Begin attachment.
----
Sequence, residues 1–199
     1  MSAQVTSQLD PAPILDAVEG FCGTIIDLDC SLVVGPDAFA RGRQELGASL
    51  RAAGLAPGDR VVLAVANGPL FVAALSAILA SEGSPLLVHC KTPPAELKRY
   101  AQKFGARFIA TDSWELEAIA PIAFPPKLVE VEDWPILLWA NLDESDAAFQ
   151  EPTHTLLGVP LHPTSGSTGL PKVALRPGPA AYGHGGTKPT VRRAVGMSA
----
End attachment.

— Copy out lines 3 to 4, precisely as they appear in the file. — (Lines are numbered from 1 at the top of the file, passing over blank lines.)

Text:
    51  RAAGLAPGDR VVLAVANGPL FVAALSAILA SEGSPLLVHC KTPPAELKRY
   101  AQKFGARFIA TDSWELEAIA PIAFPPKLVE VEDWPILLWA NLDESDAAFQ